The mechanisms of action of statins, the pathophysiological impact and efficacy in the human hepatocyte is still largely unknown. Further exploratory trials addressing the direct cellular effects of protein activation and metabolic activity of statins in endothelial cells is of high interest. Hepatocyte activity assessed by novel technologies of metabolomics and proteomics, is highly warranted and may be useful in future application of precision medicine in cirrhosis.
Some answers may be provided from the future StatLiver trial (24). This randomized clinical trial comparing atorvastatin versus placebo will address both clinical endpoints such as survival, decompensation and portal hypertension, as well as exploratory outcomes of transcriptomics and protein activity in liver tissue.
In decompensated patients the anti-inflammatory mechanisms of statins are scarcely investigated both in relation to effect on local inflammation in the liver and to effect on systemic inflammation is. In a large sequel of the study by Pose et al., the Liverhope-Efficacy study, anti-inflammatory mechanisms of simvastatin will be explored, and provide novel insight into prevention of Acute-on-chronic-liver-failure and cirrhosis complications (25).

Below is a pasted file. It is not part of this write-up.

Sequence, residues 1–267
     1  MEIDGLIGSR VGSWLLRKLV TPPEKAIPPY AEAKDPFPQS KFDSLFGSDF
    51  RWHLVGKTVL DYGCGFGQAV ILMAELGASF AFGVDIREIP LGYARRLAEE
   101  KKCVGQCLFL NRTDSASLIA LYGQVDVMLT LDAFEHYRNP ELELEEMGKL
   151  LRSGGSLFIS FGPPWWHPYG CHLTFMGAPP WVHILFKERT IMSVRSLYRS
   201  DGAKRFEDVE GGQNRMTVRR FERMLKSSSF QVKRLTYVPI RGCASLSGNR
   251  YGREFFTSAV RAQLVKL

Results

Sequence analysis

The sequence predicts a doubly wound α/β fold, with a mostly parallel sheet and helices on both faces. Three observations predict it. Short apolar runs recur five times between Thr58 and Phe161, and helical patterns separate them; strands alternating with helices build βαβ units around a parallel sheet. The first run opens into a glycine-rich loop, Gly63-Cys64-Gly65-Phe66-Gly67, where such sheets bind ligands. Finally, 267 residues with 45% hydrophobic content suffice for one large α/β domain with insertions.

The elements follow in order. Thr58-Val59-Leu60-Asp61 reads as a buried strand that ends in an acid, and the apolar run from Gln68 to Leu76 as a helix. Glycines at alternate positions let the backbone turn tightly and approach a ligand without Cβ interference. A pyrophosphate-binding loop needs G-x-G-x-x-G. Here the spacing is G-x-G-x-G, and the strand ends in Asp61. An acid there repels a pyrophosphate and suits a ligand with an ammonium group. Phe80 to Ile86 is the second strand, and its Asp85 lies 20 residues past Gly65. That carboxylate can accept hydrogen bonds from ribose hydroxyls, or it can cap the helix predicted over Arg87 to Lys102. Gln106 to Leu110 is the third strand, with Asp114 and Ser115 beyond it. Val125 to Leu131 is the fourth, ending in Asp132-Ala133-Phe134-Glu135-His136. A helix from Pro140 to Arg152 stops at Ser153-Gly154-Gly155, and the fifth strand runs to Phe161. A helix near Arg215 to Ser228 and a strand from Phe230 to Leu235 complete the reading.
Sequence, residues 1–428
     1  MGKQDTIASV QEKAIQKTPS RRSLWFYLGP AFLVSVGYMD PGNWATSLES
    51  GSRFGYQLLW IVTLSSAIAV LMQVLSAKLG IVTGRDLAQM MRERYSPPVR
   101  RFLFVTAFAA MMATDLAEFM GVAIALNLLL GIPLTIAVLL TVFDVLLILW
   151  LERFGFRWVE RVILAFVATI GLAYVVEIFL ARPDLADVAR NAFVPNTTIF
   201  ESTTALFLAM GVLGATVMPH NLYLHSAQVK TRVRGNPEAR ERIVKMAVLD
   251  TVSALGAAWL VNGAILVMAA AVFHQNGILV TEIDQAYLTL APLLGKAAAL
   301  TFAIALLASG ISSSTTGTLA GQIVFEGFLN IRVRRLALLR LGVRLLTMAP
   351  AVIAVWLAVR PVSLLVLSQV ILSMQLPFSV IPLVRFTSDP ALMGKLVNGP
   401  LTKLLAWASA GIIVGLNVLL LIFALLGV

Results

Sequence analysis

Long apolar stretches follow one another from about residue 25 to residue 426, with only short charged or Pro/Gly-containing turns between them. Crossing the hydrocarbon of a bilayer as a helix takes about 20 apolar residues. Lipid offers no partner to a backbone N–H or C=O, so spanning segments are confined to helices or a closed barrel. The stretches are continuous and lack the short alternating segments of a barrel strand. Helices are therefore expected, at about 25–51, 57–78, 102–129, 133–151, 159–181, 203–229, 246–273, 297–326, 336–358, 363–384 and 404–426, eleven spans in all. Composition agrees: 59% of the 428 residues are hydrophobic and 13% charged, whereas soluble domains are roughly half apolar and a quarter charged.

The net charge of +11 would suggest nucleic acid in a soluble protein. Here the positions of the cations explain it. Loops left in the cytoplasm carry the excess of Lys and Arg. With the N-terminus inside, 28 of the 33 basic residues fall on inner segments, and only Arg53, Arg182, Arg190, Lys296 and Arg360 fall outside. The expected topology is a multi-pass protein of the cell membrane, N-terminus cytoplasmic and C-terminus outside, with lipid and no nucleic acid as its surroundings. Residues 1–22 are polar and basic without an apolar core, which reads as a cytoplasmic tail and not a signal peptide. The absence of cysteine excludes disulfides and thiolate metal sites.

In conclusion, the results of the study by Pose et al. have provided new insights into the safety of statins for cirrhosis and revealed inspirational knowledge for the design of future clinical trials assessing both clinical endpoints and pathophysiological efficacy of statins on systemic inflammation and cellular mechanisms in the liver. Future studies may support clinical application of statins in the treatment of liver cirrhosis.
Provenance and Peer Review: This article was commissioned by the Editorial Office, Digestive Medicine Research. The article did not undergo external peer review.